LONDON (Reuters) – Zambia has become the latest African country looking for help to tackle its hefty debt burden this week as international lenders and analysts are warning the pandemic crisis could push many of the continent’s economies into debt distress.
Below are four charts to show some economic and fiscal pressures faced by a number of African countries.
1/ RISING BORROWING COSTS
The premium demanded by investors to hold African hard-currency bonds has soared in recent weeks, indicating that borrowing costs have risen to painfully high levels for many governments on the continent. This means that African sovereigns – unlike their Western peers – have little space to provide stimulus at a time of waning growth and with the economic fallout from the COVID-19 pandemic not yet foreseeable.
Sovereign spreads of various African debt issues over safe-haven U.S. Treasuries has risen to fresh record or multi-year highs for countries such as Angola, Gabon and Ghana with all of them trading above the 1,000 mark, seen as an indicator of debt entering distress territory. The Africa composite reading also entered that territory for the first time in late March.
Graphic: Africa EMBI spreads https://fingfx.thomsonreuters.com/gfx/mkt/xklvyngkpgd/Africa%20EMBI%20spreads.JPG
2/ RISING DEBT LEVELS
Rock-bottom global borrowing costs in recent years have fueled a debt issuing bonanza across many emerging markets with governments across Africa – from oil-rich Nigeria to smaller, fast-growing economies such as Ethiopia – joining in. The rising debt burden has seen a steady increase in the ratio of debt-to GDP across many counties, with some – such as copper producer Zambia – finding themselves laden with an unsustainable debt burden that might become too painful to service at a time when funds are needed to shore up fragile healthcare systems. In just two years from 2015 to 2017, African external debt payments doubled from an average of 5.9% of government revenue to 11.8%.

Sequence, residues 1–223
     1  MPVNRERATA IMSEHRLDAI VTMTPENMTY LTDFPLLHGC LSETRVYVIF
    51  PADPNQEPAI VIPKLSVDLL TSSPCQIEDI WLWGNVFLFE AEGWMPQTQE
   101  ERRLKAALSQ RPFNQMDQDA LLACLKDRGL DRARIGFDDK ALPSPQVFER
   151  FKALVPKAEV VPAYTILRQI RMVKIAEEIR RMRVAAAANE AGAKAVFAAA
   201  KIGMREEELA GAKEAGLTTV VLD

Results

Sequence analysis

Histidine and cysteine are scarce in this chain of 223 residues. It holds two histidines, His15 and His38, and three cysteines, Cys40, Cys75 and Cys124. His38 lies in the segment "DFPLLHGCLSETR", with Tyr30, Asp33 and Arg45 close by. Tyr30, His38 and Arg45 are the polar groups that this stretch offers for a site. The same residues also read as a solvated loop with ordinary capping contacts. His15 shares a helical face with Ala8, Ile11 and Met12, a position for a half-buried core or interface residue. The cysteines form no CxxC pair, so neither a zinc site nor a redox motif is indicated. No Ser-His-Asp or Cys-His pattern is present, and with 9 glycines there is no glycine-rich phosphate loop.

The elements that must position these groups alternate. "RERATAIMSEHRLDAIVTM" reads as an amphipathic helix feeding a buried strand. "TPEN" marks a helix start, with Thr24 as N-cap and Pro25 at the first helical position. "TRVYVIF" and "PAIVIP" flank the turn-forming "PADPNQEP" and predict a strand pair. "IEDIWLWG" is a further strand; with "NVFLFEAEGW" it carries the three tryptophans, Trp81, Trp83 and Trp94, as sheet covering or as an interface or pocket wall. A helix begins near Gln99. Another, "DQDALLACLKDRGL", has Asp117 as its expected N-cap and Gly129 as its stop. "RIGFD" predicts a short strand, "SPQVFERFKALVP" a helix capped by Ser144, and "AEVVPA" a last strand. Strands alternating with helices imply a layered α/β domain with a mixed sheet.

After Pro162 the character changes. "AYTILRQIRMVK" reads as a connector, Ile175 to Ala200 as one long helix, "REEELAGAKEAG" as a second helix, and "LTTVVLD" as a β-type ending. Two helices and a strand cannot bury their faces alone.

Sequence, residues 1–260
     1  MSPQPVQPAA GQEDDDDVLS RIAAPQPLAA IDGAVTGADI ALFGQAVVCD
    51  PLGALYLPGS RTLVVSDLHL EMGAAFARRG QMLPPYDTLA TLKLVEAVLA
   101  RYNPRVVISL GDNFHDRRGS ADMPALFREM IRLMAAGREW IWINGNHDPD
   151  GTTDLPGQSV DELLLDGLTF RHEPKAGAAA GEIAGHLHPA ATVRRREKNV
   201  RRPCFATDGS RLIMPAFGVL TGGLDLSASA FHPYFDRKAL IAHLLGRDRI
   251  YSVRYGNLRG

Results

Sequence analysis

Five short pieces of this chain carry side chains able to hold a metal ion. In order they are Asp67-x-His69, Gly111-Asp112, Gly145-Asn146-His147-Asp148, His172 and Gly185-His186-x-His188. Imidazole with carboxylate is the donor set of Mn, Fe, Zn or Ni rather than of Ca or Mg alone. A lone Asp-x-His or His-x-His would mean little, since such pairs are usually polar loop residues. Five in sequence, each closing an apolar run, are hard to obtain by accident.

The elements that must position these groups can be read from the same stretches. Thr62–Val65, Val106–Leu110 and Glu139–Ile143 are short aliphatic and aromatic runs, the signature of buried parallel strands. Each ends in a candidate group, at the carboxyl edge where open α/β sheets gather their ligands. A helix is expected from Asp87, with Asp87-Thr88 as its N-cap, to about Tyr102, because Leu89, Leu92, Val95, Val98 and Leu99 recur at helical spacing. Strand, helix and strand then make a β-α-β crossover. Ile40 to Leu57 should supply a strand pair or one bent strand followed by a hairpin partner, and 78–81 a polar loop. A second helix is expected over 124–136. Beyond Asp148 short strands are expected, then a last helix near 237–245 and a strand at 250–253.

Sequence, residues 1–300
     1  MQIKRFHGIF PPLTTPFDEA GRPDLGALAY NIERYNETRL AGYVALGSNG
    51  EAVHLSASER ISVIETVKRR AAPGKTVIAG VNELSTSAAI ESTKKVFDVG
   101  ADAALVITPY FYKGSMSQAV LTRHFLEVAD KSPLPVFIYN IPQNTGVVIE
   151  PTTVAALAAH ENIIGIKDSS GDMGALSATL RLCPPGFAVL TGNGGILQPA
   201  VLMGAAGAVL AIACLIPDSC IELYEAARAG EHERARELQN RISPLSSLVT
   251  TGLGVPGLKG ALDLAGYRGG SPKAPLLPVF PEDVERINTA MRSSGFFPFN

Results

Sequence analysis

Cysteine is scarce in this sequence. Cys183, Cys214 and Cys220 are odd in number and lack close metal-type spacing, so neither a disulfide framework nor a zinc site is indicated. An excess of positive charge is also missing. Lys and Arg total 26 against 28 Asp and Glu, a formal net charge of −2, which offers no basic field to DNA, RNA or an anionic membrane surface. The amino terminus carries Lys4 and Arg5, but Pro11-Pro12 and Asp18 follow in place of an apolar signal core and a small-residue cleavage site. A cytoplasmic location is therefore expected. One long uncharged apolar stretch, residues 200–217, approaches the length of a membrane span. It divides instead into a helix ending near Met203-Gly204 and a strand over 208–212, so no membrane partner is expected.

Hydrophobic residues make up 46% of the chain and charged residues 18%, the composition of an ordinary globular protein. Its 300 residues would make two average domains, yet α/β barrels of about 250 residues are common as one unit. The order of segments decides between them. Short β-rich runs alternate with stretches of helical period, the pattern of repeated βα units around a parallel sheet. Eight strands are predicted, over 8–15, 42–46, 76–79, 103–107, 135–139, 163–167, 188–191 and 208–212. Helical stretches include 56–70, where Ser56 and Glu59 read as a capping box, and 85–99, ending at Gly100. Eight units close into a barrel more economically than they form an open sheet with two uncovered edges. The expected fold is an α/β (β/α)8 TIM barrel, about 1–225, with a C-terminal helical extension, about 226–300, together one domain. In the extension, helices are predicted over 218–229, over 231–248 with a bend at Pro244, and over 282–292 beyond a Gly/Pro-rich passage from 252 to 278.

Graphic: Debt ratios for Africa oil and commodity producers https://fingfx.thomsonreuters.com/gfx/mkt/rlgvdomrpoj/Debt%20ratios%20for%20Africa%20oil%20and%20commodity%20producers.JPG
3/ SHRINKING REVENUES
Many African economies are still heavily reliant on commodities and oil production as their main source of hard currency revenue. But falling commodity prices as fears of a global recession are roiling markets and an oil price shock that has seen crude prices tumble 70% from their January high to below $20 per barrel in March is bound to take a hefty toll on government revenues. Oil prices have spent much of the recent weeks at levels well below what African producers need to fund their budgets and maintain their reserves.
Graphic: Oil breakeven price https://fingfx.thomsonreuters.com/gfx/editorcharts/oakpeozwprd/eikon.png
4/ FX RESERVES UNDER PRESSURE
Ultimately, much hinges on the amount of foreign currency reserves a central bank has at its disposal to ensure needed imports are secure or help shore up battered currencies. But many countries on the continent lack much of that firepower, with central bank reserves in countries such as Angola and Zambia having been on a broad downward trend in recent months and years, the latter having reached painfully low levels.
Graphic: Africa FX reserves under pressure https://fingfx.thomsonreuters.com/gfx/mkt/rlgpdowrvoj/Africa%20FX%20reserves%20under%20pressure.JPG
Sub-Saharan Africa faces pressure from oil price shock, pandemic rout
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